Bobby Murcer passed away last summer, but his legacy will remain in baseball for years to come, and the Baseball Assistance Team (B.A.T.) made one of the first official announcements in that regard Thursday.
B.A.T. announced the creation of The Bobby Murcer Award, which will be presented to the team in both the American League and National League whose players contribute the most amount of money to B.A.T. through the Major League Baseball Payroll Deduction Program. The award will be presented during the 2010 Annual B.A.T. Dinner.
"Bobby was very proud of the work he accomplished for B.A.T.," said Kay Murcer, widow of Bobby Murcer. "Our family is deeply grateful that his legacy will continue in such a tremendous way through the B.A.T. organization."
Through the Payroll Deduction Program, Major League and Minor League players and coaches can donate a portion of their salary to the B.A.T. organization. In 2001, as a member of the B.A.T. board, Murcer led the charge and began the yearly practice of visiting MLB clubs during Spring Training to update the current-day players regarding the goals and objectives of B.A.T. These meetings laid the groundwork for annual Spring Training visits to ask for financial support from the players, and have generated $5.5 million in revenue for B.A.T since 2003.
The 2009 tour will begin in Arizona on Wednesday and conclude in Florida in late March, with B.A.T. representatives visiting the 30 clubhouses asking players and coaches for their financial support and help in identifying members of the baseball family in need.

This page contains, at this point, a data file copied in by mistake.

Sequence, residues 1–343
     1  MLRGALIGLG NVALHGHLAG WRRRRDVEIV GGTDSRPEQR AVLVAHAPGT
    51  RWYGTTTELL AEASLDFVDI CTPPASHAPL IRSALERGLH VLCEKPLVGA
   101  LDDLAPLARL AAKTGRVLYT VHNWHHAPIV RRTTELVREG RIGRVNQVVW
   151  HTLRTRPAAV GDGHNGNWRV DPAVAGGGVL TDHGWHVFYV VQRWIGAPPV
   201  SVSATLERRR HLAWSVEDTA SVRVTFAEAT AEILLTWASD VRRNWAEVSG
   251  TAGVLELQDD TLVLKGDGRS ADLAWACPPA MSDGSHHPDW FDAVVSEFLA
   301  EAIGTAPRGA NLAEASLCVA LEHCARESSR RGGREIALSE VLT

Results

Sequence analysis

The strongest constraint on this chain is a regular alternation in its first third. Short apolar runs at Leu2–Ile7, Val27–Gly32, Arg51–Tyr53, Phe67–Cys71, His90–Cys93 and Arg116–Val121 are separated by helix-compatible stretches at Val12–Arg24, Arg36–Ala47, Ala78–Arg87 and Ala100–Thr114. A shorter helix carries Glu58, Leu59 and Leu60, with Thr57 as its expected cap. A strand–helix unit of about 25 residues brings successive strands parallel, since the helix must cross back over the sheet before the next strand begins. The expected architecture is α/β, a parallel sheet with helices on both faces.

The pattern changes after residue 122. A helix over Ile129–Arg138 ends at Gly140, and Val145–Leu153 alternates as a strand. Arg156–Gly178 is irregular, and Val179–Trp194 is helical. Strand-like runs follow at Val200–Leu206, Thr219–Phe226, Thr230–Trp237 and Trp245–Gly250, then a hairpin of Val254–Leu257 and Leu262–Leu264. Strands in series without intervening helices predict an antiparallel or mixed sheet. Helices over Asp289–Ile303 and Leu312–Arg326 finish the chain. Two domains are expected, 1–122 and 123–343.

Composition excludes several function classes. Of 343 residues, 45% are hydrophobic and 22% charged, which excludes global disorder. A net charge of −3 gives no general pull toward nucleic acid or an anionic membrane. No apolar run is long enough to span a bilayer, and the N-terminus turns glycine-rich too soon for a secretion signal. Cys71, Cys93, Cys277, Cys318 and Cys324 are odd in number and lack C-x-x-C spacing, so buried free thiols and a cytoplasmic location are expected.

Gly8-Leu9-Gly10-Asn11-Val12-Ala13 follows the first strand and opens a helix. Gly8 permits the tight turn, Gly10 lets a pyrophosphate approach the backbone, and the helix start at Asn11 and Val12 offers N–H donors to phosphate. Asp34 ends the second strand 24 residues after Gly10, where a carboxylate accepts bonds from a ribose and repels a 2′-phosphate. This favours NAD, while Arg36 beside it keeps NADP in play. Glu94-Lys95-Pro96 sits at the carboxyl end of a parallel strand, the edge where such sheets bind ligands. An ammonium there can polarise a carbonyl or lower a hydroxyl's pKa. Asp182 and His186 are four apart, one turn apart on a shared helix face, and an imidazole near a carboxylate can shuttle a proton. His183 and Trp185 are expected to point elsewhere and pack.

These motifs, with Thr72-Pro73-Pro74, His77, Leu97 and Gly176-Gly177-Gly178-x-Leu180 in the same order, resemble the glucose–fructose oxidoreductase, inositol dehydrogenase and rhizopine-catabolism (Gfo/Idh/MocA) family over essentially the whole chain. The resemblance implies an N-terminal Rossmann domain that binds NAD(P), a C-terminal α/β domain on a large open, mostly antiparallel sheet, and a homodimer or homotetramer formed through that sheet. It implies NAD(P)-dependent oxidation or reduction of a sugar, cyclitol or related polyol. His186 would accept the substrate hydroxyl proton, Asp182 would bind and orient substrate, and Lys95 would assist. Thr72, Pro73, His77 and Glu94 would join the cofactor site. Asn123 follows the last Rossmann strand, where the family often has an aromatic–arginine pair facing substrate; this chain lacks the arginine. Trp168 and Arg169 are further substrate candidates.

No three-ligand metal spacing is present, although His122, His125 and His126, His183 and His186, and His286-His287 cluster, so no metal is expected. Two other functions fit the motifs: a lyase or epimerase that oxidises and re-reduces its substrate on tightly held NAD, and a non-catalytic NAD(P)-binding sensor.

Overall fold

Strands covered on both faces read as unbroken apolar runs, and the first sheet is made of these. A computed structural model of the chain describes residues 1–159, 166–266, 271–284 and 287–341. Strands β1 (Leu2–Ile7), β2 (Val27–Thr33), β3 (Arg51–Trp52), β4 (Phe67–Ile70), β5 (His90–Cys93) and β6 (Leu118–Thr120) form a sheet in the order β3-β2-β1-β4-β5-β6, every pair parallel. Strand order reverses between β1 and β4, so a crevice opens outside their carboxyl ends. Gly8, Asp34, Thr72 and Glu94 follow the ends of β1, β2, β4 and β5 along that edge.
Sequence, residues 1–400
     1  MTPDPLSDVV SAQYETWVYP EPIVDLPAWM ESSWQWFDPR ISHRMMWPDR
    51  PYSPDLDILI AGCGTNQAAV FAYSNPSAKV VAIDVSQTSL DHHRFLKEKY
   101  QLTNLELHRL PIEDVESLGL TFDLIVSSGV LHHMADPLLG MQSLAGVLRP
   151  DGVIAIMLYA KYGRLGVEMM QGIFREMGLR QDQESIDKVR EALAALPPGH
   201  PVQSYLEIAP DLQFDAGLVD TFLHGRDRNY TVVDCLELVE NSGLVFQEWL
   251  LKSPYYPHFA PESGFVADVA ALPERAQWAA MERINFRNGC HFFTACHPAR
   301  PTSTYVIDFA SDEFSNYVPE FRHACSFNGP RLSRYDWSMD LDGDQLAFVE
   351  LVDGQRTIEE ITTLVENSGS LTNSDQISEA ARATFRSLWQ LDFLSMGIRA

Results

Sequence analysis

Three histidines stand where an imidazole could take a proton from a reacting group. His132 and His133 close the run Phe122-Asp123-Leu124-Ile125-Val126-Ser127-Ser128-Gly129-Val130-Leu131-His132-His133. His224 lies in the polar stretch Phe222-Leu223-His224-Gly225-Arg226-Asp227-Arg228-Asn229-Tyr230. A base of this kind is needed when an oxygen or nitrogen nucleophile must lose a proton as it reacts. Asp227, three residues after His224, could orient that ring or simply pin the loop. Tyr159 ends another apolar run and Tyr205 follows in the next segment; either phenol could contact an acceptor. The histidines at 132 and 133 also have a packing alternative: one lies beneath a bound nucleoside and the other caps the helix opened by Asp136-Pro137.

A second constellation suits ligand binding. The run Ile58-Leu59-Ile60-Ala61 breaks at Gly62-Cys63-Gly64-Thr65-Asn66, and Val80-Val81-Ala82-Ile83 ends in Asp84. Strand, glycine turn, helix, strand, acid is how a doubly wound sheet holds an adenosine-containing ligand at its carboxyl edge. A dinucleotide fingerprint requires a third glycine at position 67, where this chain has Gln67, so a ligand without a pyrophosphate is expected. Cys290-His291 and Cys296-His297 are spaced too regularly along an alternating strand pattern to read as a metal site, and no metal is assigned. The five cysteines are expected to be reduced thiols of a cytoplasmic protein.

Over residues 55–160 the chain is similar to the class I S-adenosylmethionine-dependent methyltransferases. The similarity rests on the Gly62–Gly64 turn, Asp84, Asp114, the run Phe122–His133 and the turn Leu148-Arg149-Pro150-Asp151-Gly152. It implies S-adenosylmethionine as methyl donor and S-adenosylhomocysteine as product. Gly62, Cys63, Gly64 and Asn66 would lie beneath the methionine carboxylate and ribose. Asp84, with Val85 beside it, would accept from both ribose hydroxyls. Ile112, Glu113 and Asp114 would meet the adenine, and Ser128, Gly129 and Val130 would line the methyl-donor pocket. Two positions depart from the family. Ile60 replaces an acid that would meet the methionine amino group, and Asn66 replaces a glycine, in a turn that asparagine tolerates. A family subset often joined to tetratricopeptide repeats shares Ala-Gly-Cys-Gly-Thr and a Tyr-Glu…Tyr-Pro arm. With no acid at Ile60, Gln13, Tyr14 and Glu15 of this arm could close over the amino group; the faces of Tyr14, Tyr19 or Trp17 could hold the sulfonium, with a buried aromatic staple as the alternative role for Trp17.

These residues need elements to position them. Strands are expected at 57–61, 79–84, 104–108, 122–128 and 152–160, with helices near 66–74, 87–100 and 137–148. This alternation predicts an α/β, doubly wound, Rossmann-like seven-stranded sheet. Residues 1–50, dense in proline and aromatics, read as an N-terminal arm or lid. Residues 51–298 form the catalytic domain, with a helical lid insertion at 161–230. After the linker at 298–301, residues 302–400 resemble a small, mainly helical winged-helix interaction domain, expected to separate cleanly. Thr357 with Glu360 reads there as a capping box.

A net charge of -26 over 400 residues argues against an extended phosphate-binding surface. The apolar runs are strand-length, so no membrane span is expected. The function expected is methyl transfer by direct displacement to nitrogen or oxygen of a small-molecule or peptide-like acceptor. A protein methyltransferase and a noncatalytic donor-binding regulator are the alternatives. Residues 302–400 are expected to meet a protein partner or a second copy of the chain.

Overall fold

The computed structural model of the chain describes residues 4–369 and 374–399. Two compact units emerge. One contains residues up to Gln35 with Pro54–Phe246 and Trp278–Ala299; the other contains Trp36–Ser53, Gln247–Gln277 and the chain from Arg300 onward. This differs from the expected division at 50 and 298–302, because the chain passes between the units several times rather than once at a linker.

"We are honored to establish this award in memory of Bobby Murcer's giving and inspirational spirit," said B.A.T. executive director and COO Jim Martin. "Although Bobby passed on at the young age of 62, his efforts and commitment to the B.A.T. organization will live on through those he left behind and serve as a perfect example of how things should be done. He is greatly missed, but never forgotten."
B.A.T. was founded in 1986 to assist former Major League players but has expanded its assistance over the years. In addition to assisting ex-Major League players, B.A.T. also offers support to former Major League managers, coaches, scouts, umpires, front office personnel, Minor League players, Negro League players, their widows and children and players from the Women's Professional Baseball League.
All aid provided by B.A.T. is strictly confidential, allowing those in the need to receive help discreetly. Through charitable contributions from corporations, foundations and individuals, B.A.T. strives to provide a means of support to members of the baseball family in need. For more information about B.A.T. or to make a donation please visit:
Doug Miller is a reporter for MLB.com. This story was not subject to the approval of Major League Baseball or its clubs.